The magnitude of the crime could be recognised by prosecuting the Paris attacks as an international crime against humanity that, as with piracy, the whole world has a shared interest in suppressing. When it is appreciated that the criminals engaged in the Paris attacks had grown up in the heart of Europe, this further aggravates the mistake of externalising the evil, situating the threat in the Arab world, and inflating the criminals as parties to a war.
Denial of grievances
The Bush/Hollande way of reacting also is harmful in two other fundamental respects: it removes attention from root causes and it refuses to acknowledge that extremist motivations might be linked to legitimate grievances.
The best remedy for terrorist violence is to address root causes. Otherwise, as even many conservative and militarist political figures have admitted (including Rumsfeld, Mubarak), recourse to warfare, whether by war of concerted campaign (eg Iraq) or through targeted assassinations (eg drones) most likely generates many more militants than it eliminates.
It certainly spreads the net of devastation more widely, causing massive displacement and threatening refugee flows that give rise to the sort of deep alienation that provides a new generation of recruits to extremist causes.
To consider the Paris attacks by a reductio of good versus evil has the further consequence of excluding diplomacy as an instrument of accommodation. How many of the supposedly intractable conflicts of the past, including the American Revolution, were resolved by bringing the terrorists in from the cold?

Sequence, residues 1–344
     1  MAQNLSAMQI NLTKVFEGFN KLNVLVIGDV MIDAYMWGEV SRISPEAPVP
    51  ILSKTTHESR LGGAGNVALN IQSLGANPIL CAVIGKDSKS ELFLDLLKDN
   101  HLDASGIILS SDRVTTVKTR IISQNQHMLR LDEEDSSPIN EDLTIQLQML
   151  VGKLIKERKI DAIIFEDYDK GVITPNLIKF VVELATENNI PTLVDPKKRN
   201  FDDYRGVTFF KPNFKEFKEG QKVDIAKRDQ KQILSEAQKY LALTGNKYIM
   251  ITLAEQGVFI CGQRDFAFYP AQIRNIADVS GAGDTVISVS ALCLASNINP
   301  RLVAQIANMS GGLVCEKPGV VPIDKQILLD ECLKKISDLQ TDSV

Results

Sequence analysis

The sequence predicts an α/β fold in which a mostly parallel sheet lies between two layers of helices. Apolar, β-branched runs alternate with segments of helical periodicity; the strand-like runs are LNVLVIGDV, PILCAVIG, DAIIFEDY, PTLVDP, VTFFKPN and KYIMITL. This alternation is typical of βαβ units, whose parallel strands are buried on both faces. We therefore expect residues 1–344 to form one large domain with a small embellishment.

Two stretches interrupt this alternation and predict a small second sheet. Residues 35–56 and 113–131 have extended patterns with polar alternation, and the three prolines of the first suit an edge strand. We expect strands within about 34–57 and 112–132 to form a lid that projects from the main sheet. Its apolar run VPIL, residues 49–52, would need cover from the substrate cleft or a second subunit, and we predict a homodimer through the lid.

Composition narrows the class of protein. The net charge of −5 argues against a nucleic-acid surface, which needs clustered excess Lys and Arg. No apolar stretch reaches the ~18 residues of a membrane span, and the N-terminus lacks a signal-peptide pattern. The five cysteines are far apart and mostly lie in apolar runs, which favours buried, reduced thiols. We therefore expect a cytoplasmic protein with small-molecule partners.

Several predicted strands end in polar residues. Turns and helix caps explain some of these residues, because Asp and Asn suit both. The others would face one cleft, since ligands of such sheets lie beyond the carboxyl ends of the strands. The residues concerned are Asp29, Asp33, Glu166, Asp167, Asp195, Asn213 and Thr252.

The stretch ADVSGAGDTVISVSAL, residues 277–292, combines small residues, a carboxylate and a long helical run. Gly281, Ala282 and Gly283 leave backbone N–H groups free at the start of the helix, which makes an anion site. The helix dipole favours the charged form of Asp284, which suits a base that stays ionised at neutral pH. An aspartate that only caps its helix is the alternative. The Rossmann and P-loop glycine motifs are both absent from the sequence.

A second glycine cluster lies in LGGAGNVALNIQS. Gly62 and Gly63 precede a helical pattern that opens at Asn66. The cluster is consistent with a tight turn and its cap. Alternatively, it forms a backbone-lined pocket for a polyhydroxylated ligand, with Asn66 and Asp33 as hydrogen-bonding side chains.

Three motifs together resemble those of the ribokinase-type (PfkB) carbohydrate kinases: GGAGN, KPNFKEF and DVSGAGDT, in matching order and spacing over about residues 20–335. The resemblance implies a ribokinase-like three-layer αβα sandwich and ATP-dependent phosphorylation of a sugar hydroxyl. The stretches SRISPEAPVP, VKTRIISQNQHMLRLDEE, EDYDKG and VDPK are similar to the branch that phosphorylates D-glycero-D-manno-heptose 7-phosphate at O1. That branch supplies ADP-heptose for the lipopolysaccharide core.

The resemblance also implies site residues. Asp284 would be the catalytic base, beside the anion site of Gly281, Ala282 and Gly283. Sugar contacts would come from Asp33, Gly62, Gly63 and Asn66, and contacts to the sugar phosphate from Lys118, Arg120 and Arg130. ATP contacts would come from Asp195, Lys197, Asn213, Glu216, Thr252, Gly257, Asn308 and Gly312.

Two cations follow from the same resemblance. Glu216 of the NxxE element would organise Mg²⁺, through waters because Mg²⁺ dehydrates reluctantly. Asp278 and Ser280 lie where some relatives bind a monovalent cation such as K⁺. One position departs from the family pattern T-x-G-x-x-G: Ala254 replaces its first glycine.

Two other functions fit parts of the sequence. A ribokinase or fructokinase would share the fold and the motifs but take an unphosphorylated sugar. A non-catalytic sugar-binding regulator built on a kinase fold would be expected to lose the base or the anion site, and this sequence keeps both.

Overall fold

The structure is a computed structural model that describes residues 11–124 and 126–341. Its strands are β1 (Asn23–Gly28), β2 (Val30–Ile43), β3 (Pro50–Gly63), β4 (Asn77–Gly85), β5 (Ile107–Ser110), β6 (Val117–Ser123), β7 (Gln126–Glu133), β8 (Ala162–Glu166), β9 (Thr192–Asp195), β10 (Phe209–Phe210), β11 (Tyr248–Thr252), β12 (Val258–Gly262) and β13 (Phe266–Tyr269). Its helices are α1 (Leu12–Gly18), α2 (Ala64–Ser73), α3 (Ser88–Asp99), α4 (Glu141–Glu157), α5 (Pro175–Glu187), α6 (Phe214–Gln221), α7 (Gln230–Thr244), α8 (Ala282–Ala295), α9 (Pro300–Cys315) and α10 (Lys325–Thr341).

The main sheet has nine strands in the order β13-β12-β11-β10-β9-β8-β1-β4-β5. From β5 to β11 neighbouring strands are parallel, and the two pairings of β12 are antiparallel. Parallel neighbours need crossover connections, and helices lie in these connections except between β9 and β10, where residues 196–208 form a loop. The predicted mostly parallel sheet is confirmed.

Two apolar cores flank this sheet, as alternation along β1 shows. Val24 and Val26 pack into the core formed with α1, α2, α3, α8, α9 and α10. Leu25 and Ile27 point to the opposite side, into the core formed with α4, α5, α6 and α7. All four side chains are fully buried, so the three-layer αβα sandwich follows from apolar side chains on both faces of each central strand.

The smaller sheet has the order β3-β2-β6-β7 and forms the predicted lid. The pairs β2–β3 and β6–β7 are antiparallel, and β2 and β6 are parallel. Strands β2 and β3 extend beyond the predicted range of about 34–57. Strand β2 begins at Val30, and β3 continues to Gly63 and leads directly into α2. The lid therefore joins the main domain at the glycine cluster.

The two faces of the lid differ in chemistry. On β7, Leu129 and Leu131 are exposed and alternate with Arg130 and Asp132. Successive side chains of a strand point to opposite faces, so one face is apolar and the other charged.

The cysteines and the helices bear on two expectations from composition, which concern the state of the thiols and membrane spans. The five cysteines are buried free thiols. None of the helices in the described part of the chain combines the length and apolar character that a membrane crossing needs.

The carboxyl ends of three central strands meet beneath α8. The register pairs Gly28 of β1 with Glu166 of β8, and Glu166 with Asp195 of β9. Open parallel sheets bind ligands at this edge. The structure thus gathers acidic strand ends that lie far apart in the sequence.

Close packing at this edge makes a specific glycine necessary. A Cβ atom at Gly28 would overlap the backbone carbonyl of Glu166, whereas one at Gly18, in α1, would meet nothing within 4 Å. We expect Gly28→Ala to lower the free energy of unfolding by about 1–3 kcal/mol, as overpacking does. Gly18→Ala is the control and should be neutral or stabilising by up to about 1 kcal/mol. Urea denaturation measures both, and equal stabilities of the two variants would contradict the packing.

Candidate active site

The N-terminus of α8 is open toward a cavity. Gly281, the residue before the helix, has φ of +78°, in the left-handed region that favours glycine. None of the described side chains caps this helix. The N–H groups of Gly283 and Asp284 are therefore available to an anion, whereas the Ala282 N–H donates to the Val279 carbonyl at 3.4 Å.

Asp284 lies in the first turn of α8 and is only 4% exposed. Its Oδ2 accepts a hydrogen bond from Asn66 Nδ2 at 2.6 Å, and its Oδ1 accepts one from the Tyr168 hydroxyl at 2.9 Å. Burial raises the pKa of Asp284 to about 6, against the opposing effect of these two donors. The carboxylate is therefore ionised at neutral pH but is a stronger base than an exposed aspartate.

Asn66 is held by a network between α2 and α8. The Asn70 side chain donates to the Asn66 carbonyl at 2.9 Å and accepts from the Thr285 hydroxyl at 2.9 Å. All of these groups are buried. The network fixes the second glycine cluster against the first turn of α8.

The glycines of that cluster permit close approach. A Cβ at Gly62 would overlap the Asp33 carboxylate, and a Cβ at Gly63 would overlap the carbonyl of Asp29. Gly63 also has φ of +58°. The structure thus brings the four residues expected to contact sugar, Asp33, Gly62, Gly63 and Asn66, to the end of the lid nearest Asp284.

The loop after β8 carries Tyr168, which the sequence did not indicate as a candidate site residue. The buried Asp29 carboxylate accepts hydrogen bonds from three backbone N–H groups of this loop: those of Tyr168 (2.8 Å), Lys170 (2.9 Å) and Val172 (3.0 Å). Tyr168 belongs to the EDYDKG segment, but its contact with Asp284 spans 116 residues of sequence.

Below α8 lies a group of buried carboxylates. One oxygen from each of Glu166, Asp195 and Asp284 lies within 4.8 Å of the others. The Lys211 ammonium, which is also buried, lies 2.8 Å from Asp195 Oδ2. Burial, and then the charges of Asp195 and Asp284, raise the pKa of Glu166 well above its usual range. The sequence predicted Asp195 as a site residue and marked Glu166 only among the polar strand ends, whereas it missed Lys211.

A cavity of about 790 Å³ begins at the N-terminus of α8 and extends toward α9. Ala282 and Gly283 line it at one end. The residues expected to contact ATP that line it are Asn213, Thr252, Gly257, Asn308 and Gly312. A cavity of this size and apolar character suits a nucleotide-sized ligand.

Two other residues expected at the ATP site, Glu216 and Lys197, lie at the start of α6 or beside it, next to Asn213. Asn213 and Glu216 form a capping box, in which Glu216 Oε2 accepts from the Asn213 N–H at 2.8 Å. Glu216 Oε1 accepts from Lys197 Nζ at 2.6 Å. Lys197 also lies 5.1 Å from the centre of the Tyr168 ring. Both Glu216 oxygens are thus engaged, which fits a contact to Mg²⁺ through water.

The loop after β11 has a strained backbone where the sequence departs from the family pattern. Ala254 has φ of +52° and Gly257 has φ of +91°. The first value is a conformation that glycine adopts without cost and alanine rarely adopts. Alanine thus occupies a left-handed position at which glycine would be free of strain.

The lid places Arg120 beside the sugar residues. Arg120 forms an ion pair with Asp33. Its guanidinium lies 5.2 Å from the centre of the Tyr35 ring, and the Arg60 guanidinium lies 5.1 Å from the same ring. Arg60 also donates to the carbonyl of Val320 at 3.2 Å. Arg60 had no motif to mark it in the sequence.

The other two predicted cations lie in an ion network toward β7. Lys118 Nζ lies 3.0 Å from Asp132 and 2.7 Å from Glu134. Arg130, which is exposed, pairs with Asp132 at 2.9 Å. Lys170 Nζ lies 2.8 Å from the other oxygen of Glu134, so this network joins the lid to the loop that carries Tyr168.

I would not suggest that this is currently a plausible option with ISIS, but keeping open this possibility, however remote and distasteful it seems, is to be sensitive to the "lessons of history".
More significantly, to avoid self-scrutiny is to miss the best opportunity to undercut the extremist rationale for attacking the West.
It needs to be appreciated that extremism does not flourish in a political and moral vacuum.
US policy and Israel
It may not be the case that ISIS can be explained as a reaction to the Palestinian ordeal or the mayhem brought to the people of Iraq, but absent the widespread sense of injustice associated with Israel’s regional role and the million-plus deaths as a result of the US geopolitical agenda, the emergence of al-Qaeda, al-Nusra and ISIS might not have happened, at least in its present form.
Such a conclusion is reinforced when it is appreciated that Arab governments, dependent on American protection, proved incapable, and in the end unwilling, to secure even the most minimal interests and values of Muslim and Arab peoples.
Of course, the conditions are not comparable, yet the Madrid train attacks of 11 March 2004 depict a different, more promising and imaginative line of response.
What Spain did was to pursue the perpetrators relentlessly and with eventual success, while quietly ending its participation in the Iraq war as a junior partner of the US/UK occupation.
This adjustment was facilitated by the good fortune of a Spanish national election that brought a more progressive leadership into control of the country, and thereby removed Jose Maria Aznar who was the only important European leader other than Tony Blair to go along with the Iraq response to 9/11.
It was further facilitated by the unpopularity of Aznar’s Iraq policy with the Spanish public that correctly understood that they had "no dog in that fight".
- Richard Falk is an international law and international relations scholar who taught at Princeton University for 40 years. In 2008 he was also appointed by the UN to serve a six-year term as the Special Rapporteur on Palestinian human rights
The views expressed in this article belong to the author and do not necessarily reflect the editorial policy of Middle East Eye.
Image: French soldiers take up positions after an operation in Saint Denis, a northern suburb of Paris on 18 November 2015. (AA)